February 4th is World Cancer Day – a day that unites the world’s population in the fight against cancer. It aims to save millions of preventable deaths each year by raising awareness and education about the disease, calling on governments and individuals around the globe to take action. 

In the remote, poor communities where we work, cancer often ends life too soon.  Without access to specialized healthcare, medicines, or treatments, the only thing our staff can do is ensure that patients are treated with dignity and love. Our long-time partners at the Good Shepherd Mission Hospital in Swaziland, have been bringing palliative care to the sick and dying in Swaziland for many years. 

This story is not about a life saved, but rather about dignity restored and a reminder that even when there is nothing left to be done, there is always something that can be done.


A Difficult Life

Tangetile had a difficult life. Unable to find work in Swaziland, she moved to South Africa in an attempt to build a better life. It was here that she got married and gave birth to daughter. Shortly after her daughter was born, her husband abandoned her, and a challenging life became even more difficult.

Tengetile then became ill. She was diagnosed with HIV/AIDS. With very few options, she continued to work to support herself and her baby but soon developed intense abdominal pain and other symptoms that did not go away. It was during a visit to the hospital that she was given the devastating news that she had cervical cancer. Alone and far from home, Tengetile realized that she could no longer manage to give her daughter what she needed. In need of love and care, she returned to Swaziland to live with her mother.
Tengeile and her mother in Swaziland.

Tengetile sits with her mother outside their home.

Shortly after her return, her condition worsened. Unsure how to access antiretroviral medication and too sick and poor to travel back to South Africa where the medication had first been prescribed, she stopped taking the medicine. As a result her condition worsened. Unable to give Tengetile the care she needed, her mother brought her to Good Shepherd Mission Hospital. She was anemic due to active bleeding, and had a fever due to infection. Tengetile had developed a fistula and was very weak.
The doctors did their best to stabilize her with blood transfusions and restart her HIV treatment, but the illness was too far gone. Staff referred her to our home-based care and palliative team for symptom management and support. The team taught Tengetile and her mom how to administer morphine for the pain and sent them home.

Home-Based Care

A few days later, our team went to visit Tengetile. They were shocked and saddened by the conditions of the family’s home. In addition to the terrible condition of the stick and mud structure, there was only one, thin mattress.  Tengetile’s mother and daughter slept on the dirt floor so that Tengetile could have the mattress. She was in such severe pain despite the morphine. With Tengetile unable to work and her mother earning very little from hours spent in the sugar cane fields, the family had very little food. They also lacked access to clean, safe water. As a result, they were all very weak.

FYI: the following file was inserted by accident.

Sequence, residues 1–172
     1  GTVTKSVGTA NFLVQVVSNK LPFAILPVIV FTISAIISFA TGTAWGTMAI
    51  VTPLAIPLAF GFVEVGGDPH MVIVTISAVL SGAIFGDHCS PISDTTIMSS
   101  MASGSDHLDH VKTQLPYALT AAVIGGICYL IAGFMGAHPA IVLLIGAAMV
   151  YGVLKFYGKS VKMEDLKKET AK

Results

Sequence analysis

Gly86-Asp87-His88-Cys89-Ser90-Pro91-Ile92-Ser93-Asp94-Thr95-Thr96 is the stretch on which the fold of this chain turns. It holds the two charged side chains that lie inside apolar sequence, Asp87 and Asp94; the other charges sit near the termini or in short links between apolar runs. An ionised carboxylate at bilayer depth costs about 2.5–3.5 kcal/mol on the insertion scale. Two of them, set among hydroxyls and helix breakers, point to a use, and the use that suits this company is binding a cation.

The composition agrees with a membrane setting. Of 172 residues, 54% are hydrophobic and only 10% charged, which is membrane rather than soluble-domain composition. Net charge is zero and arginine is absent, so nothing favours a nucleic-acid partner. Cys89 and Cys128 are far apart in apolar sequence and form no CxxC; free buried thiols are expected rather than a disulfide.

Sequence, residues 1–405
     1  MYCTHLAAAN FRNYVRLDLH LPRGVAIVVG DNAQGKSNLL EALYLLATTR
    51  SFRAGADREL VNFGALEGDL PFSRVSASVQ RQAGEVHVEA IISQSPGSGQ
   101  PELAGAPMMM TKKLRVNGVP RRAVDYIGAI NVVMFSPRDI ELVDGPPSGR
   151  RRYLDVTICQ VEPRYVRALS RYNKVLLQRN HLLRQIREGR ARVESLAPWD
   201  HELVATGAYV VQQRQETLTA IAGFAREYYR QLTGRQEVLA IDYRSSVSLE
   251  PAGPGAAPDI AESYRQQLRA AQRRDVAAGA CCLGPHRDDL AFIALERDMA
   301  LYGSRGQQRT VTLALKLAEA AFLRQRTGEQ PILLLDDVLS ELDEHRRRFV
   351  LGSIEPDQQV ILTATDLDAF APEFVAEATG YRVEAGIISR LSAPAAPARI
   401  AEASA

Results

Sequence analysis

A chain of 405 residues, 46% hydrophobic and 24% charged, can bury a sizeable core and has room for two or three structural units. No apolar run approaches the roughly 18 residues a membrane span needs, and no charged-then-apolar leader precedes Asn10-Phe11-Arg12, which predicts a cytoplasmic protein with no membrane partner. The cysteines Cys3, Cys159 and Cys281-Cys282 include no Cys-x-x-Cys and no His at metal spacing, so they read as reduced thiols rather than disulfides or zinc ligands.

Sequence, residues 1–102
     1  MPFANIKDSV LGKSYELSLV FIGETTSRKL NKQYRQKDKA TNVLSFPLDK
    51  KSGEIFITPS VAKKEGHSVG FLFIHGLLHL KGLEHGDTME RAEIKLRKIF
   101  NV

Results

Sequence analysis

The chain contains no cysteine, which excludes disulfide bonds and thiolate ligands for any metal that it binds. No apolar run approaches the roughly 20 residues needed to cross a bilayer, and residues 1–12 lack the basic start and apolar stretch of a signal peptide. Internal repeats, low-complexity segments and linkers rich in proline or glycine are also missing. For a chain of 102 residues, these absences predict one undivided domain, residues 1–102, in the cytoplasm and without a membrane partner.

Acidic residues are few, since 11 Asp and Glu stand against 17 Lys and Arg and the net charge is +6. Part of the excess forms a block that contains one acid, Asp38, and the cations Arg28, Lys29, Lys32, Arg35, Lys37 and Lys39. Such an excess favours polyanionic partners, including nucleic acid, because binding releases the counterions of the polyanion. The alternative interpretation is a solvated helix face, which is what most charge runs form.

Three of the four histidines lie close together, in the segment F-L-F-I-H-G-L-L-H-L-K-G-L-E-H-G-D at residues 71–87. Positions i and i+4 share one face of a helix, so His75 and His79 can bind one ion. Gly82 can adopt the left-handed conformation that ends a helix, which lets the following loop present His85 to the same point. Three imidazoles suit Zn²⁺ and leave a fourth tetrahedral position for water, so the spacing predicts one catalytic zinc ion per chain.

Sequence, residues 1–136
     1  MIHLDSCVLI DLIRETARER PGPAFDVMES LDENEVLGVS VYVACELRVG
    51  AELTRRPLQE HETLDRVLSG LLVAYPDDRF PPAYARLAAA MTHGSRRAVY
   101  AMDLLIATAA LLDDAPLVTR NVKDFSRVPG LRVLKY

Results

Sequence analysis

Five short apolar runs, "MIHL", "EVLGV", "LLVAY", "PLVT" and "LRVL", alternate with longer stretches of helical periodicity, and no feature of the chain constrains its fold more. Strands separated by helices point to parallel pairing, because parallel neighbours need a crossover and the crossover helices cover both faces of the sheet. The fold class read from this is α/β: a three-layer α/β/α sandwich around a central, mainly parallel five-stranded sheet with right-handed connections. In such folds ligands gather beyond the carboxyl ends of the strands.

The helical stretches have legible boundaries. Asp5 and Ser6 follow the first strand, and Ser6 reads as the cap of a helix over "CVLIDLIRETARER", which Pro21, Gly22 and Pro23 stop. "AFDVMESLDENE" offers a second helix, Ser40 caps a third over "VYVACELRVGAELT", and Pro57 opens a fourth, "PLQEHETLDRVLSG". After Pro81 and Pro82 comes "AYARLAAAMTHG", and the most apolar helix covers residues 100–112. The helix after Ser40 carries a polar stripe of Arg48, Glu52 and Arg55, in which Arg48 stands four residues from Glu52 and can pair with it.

Their homestead was almost 30km (~25 miles) from the Good Shepherd Hospital but the team visited them frequently, knowing the severity of Tengetile’s symptoms and the desperate need for family support. Each time they returned they increased the morphine, hoping to reduce the severe pain Tengetile suffered. They also wanted to try to control the nausea, vomiting, and weakness that was making Tengetile’s life unbearable. In an effort to increase her physical comfort, the team brought mattresses, food packs, and skin care products. And in an attempt to bring some emotional relief, they provided counseling to both Tengetile and her mother.

Final Days

Tengetile knew she was dyingshe knew her time was running out. In the midst of all her physical pain, she had only one hope. That her mother would be able to care for her young daughter and that she would be able to go to school. The team promised to fulfill her wish—they told her they would work hard to gather the necessary documents to ensure that Tengetile’s mother would be her daughter’s legal guardian. 
Sadly, Tengetile died on January 14, 2018 at home with her mother and daughter by her side. May she rest in peace.
Today and every day let us remember that when there is no medicine or care that can help, it is love and hope that can guide us through.

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